Indie legends The Wedding Present rolled back the years by revisiting influential 1991 album Seamonsters at The Lemon Tree.
Led by singer, songwriter David Gedge, the four-piece celebrated the band’s third album at a packed The Lemon Tree.
Produced by Shellac front-man and legendary producer Steve Albini, Seamonsters was an audaci0us leap of faith at the time.
Albini was renowned for his brutal reshaping of band’s sounds.
To have Albini oversee an entire album was a bold move and stand against commercialism.
The Granite City show, the first on the band’s UK tour, underlined Seamonsters is a timeless album.
More than 30 years after its release Gedge and a fresh line-up revisited Seamonsters,
Respect to the many people who turned out on a Thursday evening to watch this gig.
Aberdeen music fans out in force
The Aberdeen music scene will only survive, and then thrive, by music fans showing face at gigs.
Strength in numbers.
The crowd’s faith was rewarded with a set that not only rolled back the years – but looked to the future.
Legendary songs mutated and crowd favourites developed during a 90 minute set.
There is no treading water for The Wedding Present.
The first portion of the concert was devoted to Seamonsters with the quiet then climactic noise of Courdroy surely an early blueprint for Slint, Mogwai and Mono post-rock.
After the resurrection of Seamonsters the band relived chart hits and fans’ favourites from an extensive back catalogue.
Everyone Thinks He Looks Daft
Everyone Thinks He Looks Daft from debut album George Best was a highlight.
It has lost none of the kinetic drive and urgency from the release in October 1987.
Another memorable song was a high tempo rendition of Kennedy.
It seems a lifetime since I saw The Wedding Present at Aberdeen’s The Venue in November 1998.
Supported by The Inspiral Carpets, with Oasis’ Noel Gallagher as roadie, there was a lyrical honesty and musical vibrancy to the band 34 years ago.
Hearing some of those song from the 1987 debut, more than three decades on is strange.
Like a time machine. There are wrinkles, there are grey hairs in many of the fans.
Somehow though, the new line-up brings a freshness to well worn songs.
— David Gedge (@weddingpresent) April 28, 2022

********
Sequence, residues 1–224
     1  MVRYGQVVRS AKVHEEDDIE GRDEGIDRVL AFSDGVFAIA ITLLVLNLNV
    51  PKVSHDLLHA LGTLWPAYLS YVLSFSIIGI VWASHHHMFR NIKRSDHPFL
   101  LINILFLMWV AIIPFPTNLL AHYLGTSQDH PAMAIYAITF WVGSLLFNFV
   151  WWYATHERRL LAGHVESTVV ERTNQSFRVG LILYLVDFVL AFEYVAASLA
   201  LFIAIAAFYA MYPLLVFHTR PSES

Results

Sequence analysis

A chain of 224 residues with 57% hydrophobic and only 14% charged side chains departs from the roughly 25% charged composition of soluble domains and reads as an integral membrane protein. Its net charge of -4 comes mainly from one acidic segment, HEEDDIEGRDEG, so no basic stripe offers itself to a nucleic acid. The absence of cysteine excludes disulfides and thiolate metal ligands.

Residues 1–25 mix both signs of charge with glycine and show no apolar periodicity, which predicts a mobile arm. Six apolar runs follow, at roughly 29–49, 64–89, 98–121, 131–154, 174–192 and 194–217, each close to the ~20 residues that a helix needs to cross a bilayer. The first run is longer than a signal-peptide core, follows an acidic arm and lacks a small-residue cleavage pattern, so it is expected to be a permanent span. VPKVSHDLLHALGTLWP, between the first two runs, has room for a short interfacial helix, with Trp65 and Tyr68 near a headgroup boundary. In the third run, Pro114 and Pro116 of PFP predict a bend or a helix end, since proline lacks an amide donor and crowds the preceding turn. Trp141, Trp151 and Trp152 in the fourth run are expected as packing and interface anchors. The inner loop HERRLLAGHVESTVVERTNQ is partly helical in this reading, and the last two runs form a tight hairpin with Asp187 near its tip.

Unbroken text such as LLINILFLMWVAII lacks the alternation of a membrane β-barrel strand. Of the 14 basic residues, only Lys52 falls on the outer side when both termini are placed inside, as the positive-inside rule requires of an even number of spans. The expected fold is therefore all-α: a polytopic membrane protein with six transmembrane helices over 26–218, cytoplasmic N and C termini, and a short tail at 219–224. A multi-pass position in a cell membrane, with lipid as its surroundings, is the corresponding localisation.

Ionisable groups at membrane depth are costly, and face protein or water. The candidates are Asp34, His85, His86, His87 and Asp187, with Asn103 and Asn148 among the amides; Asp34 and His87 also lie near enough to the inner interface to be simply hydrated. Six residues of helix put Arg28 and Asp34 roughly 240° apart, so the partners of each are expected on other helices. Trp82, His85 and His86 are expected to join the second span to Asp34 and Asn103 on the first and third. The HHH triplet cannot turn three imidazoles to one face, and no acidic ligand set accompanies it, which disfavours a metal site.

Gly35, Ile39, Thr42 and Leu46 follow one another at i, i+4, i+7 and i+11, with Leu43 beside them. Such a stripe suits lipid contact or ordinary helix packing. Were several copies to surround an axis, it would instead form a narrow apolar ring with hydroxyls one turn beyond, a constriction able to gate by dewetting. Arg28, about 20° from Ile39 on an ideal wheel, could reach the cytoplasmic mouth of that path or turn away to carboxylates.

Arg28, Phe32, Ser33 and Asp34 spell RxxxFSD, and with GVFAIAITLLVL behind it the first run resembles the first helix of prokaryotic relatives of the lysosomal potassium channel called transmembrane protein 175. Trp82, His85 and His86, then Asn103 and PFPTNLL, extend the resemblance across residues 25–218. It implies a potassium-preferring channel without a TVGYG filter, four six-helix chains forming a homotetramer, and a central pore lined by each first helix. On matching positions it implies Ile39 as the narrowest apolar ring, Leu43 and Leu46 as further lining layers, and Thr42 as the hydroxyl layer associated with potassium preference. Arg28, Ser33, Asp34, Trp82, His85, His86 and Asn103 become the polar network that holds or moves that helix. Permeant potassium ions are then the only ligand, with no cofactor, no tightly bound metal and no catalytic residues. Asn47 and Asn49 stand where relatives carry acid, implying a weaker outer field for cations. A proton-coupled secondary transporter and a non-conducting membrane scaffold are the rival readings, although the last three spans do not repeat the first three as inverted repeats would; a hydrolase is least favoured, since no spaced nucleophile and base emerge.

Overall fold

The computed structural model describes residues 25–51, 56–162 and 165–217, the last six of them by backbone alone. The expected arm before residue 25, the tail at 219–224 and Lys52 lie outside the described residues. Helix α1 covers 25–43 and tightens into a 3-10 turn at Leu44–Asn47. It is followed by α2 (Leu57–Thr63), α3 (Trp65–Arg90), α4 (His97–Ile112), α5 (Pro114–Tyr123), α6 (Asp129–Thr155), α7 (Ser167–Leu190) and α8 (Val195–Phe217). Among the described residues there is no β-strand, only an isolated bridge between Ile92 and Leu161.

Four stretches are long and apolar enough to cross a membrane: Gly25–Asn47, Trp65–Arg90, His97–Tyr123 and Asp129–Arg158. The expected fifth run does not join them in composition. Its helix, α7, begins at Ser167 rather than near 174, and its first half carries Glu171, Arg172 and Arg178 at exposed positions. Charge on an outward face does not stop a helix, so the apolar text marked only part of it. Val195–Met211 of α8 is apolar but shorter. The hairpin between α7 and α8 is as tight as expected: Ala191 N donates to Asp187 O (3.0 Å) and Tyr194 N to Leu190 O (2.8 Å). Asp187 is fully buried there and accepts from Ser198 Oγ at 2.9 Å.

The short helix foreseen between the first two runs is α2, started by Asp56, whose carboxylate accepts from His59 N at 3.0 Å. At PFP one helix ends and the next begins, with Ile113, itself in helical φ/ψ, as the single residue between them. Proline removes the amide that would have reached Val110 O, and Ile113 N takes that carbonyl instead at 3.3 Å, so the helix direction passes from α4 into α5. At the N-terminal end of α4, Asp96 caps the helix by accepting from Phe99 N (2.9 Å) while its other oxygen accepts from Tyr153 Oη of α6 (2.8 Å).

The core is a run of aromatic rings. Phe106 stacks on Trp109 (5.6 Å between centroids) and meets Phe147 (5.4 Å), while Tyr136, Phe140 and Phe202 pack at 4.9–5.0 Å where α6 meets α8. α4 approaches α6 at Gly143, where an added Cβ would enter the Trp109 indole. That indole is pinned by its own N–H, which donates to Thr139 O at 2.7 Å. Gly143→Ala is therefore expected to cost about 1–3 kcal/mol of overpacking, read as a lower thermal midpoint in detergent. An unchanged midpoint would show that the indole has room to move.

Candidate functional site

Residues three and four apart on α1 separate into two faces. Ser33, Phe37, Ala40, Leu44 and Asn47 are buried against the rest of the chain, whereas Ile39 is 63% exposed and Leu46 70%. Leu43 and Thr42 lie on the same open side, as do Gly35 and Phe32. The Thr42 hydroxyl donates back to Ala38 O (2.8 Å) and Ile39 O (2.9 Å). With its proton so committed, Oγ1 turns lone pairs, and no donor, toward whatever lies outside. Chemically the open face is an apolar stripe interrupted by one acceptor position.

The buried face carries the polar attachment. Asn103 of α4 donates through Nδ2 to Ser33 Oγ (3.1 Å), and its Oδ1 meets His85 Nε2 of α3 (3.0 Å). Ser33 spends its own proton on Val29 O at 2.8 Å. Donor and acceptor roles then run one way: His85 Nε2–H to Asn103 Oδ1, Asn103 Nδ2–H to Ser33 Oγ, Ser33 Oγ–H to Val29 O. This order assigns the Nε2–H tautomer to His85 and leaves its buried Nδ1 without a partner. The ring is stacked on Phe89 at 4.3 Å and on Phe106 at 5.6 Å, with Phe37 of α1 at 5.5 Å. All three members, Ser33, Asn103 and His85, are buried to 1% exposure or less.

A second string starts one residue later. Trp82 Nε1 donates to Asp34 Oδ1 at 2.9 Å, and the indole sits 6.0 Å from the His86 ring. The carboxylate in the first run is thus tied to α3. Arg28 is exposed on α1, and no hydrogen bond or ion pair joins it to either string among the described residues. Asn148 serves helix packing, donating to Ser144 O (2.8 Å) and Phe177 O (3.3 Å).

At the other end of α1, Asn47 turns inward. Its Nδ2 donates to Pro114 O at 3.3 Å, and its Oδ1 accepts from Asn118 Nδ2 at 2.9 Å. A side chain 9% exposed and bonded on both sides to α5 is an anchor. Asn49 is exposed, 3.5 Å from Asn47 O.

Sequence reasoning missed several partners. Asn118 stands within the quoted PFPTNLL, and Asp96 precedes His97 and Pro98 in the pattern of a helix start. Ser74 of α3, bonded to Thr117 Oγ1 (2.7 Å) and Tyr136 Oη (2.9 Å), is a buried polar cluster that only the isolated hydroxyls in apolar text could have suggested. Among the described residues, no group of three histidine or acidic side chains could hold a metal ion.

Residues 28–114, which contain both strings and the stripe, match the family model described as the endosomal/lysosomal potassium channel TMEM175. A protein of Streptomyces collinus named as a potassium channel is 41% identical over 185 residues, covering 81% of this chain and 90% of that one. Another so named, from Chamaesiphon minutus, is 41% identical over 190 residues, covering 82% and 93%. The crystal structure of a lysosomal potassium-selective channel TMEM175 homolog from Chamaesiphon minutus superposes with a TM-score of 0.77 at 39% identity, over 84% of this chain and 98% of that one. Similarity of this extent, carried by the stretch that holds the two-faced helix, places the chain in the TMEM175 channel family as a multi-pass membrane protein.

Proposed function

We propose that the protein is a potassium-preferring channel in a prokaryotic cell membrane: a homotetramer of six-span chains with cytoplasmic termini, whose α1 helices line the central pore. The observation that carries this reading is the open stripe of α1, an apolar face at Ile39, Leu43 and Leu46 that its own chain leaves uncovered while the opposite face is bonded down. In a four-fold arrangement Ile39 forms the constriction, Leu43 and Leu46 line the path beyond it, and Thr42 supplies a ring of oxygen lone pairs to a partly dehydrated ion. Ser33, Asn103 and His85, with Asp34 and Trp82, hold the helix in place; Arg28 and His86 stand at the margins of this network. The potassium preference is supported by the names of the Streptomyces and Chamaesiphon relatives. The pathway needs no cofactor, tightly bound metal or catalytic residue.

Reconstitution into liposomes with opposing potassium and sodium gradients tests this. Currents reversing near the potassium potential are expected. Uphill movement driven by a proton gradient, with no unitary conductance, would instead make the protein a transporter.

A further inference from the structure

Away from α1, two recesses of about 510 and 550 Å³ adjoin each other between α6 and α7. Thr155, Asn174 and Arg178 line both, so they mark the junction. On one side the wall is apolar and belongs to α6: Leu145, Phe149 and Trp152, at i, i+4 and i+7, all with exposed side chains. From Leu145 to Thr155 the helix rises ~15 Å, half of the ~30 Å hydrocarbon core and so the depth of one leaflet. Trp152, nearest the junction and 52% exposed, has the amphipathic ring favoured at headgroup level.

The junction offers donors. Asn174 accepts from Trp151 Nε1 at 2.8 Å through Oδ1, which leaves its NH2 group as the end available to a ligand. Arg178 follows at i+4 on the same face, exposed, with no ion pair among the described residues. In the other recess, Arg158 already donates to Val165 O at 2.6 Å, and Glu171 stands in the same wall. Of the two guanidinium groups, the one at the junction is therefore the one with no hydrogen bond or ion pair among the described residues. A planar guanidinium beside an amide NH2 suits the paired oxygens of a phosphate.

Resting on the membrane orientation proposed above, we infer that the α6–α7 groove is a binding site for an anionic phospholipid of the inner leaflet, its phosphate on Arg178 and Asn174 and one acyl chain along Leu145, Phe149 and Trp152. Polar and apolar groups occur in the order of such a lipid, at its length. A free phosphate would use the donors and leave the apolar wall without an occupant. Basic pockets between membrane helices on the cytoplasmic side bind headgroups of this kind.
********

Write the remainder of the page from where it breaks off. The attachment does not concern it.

Imminent single X Marks the Spot
As well as the past there is also the future.
Imminent single X Marks the Spot, released next on May 22, was superb and a taste of what’s to come from a band still looking forward.
After unveiling the new single Gedge laughed ‘meanwhile, back in 1992’ before returning to the past with another old song.
Another highlight was a driving rendition of chart hit Kennedy – a song that had the crowd animated and singing in unison.
Ultimately there is a profound paradox in a band reliving a three-decade old album whilst prolifically releasing a seven inch single every month.
The Wedding Present are four releases into the ’24 Songs’ project – an audacious plan to unleash a seven inch single, and B side, every month throughout 2022.
Refreshingly The Wedding Present are not resting on their laurels, nor are they content on purely reliving the past.
A band looking towards the future
The band are more expansive and ambitious now than in their eighties and nineties pomp.
Which is why it was frustrating there was limited showing of their impressive new material.
This may have been a night primarily celebrating the past – but The Wedding Present represent so much more than that.
It is testament to The Wedding Present that despite a nine album career the band are not treading water.
The 2016 double concept album Going, Going is a superb leap of faith that paid off.
Ongoing project 24 songs is intriguing.
Bring on tour of new material
My only gripe is that there were not more material from Going, Going and 24 Songs played at The Lemon Tree.
I’m happy to hear The Wedding Present of yesterday and today.. but I want to hear more of tomorrow.
I look forward to the what I hope will be a ’24 Songs’ tour next year when the ambitious project has been complete.
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